God in pub
As part of my placement with the chaplaincy at Manchester University this week I was in one of the student bars. Me and one of the chaplains were doing 'Pints of View' where we sit in the main bar of the huge hall of residence and try to get some conversations going around religious and ethical issues.
Last week was just me and the chaplain, sitting in the bar thinking - how the hell are we going to get people to talk to us? This week we had lollipops and postcards with questions on, and a guest speaker from the local humanist group. But there was still only us, the invited speaker and one other person for the first hour and a half. Then a student stumbled across us saying 'oh can I have a lolly?' And stayed to talk about religion. From then on we had a really vibrant table with loads of people wandering in and out of our conversations, talking, disagreeing, thinking in a cheerful non-confrontational way. It was a brilliant evening, and the kind of thing that is the reason I'm going into ministry.
There are three separate relflections I want to share about this experience:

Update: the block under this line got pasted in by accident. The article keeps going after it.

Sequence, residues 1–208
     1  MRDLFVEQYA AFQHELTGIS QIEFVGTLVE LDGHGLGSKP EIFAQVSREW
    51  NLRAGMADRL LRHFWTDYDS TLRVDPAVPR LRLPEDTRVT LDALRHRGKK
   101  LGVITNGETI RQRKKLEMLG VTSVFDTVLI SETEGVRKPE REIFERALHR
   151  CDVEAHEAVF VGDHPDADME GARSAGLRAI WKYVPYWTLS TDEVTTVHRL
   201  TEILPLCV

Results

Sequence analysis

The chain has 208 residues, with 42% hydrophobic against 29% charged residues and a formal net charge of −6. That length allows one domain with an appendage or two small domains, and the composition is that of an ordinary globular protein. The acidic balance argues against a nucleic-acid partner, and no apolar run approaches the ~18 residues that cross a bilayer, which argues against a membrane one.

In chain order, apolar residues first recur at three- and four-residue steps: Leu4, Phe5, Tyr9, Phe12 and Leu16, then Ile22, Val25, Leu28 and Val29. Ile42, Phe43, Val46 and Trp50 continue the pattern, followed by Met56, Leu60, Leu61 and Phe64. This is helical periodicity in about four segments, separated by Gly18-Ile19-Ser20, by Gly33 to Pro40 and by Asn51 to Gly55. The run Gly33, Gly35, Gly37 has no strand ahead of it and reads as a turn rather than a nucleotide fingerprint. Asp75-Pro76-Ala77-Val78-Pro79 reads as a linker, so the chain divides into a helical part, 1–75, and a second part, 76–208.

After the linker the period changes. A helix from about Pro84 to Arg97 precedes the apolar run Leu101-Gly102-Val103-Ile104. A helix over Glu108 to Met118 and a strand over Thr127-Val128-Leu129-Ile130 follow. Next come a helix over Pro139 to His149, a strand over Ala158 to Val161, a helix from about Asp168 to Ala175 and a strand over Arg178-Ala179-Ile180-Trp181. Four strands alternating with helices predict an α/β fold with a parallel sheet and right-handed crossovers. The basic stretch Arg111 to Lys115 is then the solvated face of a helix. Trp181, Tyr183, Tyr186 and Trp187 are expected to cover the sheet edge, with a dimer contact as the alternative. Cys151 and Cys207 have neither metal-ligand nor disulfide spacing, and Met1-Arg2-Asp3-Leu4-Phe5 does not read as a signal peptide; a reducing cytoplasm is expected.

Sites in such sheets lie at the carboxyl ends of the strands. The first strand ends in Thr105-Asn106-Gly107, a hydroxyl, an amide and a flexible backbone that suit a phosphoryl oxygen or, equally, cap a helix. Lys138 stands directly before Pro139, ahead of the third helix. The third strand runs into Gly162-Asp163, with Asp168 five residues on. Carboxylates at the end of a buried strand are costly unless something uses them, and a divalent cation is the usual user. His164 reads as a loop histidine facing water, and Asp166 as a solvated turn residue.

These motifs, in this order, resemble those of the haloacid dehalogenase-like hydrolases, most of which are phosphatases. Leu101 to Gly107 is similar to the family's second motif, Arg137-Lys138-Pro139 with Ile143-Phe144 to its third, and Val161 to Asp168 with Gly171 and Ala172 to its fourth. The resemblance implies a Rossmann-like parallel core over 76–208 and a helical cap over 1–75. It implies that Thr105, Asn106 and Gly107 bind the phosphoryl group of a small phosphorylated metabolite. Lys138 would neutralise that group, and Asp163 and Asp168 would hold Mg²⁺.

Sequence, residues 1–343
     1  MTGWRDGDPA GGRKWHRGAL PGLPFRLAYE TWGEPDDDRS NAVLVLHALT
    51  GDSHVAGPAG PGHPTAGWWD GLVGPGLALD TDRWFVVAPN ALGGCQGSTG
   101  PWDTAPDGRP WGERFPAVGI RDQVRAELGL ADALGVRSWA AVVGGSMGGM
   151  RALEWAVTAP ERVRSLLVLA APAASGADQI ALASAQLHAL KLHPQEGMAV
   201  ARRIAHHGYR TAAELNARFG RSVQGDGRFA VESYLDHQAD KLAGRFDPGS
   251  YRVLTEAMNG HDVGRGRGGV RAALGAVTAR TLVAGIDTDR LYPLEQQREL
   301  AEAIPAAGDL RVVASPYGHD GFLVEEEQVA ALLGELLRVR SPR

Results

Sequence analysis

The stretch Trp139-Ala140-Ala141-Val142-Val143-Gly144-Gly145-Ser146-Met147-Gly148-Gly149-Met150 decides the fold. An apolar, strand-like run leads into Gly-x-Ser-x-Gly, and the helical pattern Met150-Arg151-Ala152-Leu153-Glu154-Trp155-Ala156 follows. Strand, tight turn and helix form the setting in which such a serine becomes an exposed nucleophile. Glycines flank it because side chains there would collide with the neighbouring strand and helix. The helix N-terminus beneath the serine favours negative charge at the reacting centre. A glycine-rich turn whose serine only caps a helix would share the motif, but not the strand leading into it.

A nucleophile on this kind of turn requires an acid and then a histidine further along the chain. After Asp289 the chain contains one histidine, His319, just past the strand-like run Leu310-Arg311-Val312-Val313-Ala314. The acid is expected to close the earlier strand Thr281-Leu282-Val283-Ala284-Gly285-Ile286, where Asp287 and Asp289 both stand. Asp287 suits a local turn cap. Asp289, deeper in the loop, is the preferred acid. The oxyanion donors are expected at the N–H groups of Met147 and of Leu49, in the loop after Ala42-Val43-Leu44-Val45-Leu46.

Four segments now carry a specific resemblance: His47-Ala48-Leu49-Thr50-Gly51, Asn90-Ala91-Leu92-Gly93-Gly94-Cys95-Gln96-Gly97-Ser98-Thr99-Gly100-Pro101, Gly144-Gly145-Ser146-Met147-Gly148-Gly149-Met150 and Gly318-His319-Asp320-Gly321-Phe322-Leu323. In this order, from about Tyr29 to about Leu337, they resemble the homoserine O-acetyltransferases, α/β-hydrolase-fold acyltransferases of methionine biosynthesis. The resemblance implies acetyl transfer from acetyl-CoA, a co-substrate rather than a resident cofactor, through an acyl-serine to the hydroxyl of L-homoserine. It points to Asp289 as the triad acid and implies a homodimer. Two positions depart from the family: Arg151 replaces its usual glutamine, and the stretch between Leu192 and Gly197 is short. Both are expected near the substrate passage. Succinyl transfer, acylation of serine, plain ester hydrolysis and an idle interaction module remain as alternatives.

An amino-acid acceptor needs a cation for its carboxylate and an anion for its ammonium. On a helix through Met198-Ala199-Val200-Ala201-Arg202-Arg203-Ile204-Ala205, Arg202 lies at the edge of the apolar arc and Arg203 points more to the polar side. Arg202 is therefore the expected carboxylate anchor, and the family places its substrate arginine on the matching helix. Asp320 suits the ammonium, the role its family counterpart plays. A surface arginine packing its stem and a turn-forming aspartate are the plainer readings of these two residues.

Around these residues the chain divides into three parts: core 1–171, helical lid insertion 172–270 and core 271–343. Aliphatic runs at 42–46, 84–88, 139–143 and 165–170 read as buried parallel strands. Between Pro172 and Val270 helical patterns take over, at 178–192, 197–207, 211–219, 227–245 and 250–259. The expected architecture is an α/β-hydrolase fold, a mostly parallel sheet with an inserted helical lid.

First, this shows to me the importance of hope and trust in the spirit and patience when doing mission, doing something a bit out of the comfort zone. It's worth doing, but it might take a while to get going. Keep the faith.
Secondly, it was really easy to get people to talk about religion. Someone came for a lolly and I shouted at them over the music and sounds of the bar - 'You have to tell me what you think about God first!' And they did. Just like that. It seems in churches, and often in Unitarian churches, we so often avoid talking about deep things. Yet here I was in a bar without pretense or tact bluntly asking what people believed and getting blunt and honest replies. Dare we be as brave in our congregations?
Thirdly I got into an interesting conversation with one of the people there about drinking. I have given up alcohol for Lent and the other chaplain was getting over a cold so neither of us were drinking alcohol. Someone suggested that it might be off-putting for people to see us not drinking alcohol. Now I'm not teetotal, but at the same time I'd like to affirm that drugs aren't necessary to have a good time. So I'm left pondering a classic missionary question: should I go along with the culture to be relevant to that culture, or do I take a counter-cultural position in order to be a witness to a different set of values?
It was a good night, anyway. We'll see what happens next week.